“What my concern is, is that the amenities provided in this study have so much square footage of space,” she said. “If you add a skate park and you add a dog park and you add a 3,600-square-foot building, something has to come out. There’s not enough space for all that in that park unless you take away other amenities.

“We have looked at a skate park and we have looked at a dog park and looking at our space limitations in our parks, staff came back with a recommendation that those would be a better fit at Schutte Park.”

City Council President Bill Hare agreed.

“I think Schutte Park might be a way to save space at Dover Park, because when you look at the population and where the majority is, it’s a lot easier to get to Schutte Park,” Mr. Hare said. “When you start downtown on Governors Avenue you can get to Schutte Park in nothing flat. I think that is just a better fit and would create a lot freer space at (Dover) Park and Schutte Park can have that skate park and the Can-Do (Playground).”

Regardless, Mrs. Mitchell said she does believe Dover Park needs an indoor recreational facility.

“This plan that we put together was done with a lot of public input and while it doesn’t have a 3,600-square-foot building it does have a 1,440-square-foot building,” said Mrs. Mitchell. “I do believe that we need a building.

“We need to reactivate the park and have activities so that the public feels safe and feel like it’s a part of the community.”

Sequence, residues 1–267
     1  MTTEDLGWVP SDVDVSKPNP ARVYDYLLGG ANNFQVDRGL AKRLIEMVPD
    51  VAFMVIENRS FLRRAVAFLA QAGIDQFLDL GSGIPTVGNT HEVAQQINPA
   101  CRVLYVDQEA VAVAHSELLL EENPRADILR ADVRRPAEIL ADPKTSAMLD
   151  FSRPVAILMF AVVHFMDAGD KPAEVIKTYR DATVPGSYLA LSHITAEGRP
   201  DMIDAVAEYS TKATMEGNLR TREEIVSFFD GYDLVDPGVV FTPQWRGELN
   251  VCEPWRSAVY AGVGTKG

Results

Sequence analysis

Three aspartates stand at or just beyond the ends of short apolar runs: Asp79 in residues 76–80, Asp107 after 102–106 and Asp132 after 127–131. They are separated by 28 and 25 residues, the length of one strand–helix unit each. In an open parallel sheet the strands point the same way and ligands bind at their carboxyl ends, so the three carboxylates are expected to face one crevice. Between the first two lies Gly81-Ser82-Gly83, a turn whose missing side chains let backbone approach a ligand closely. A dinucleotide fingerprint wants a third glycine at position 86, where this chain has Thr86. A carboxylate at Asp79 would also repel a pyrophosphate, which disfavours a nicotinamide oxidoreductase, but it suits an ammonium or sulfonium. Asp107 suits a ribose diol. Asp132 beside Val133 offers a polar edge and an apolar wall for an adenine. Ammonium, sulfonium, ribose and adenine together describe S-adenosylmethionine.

Mayor Robin Christiansen said he was pleased to hear that an indoor facility remains a part of the park’s future plans.

“I certainly am excited about the progress that we have made,” Mayor Christiansen said, about the revitalization of Dover Park. “Councilman Sudler, early on as chairman of Parks and Recreation, brought this to our attention and it’s something that has been bothering me for quite a bit of time. Council and the city let that building at Dover Park fall apart through obsolescence and ignoring the small amounts of maintenance (that needed to) be done.

“Previous councils have ignored their promise to replace that building and I commend the members of this council and city staff for taking the bull by the horns and fulfilling that promise to the citizens of the city of Dover, not just the 3rd and 4th Districts, but the citizens of the city of Dover to replace that much-needed building.”

Indoor facility at Towne Point?

The size of the building was left open because members of the Interdenominational Ministerial Alliance Social Action Committee, including Rev. Rita Mishoe Paige, the IMA Social Action chair, and Rev. Theodore Henderson, IMA president, are hoping to work out a deal to eventually purchase Towne Point Elementary School from the Capital School District in the future for an indoor facility which would host a wide array of programming.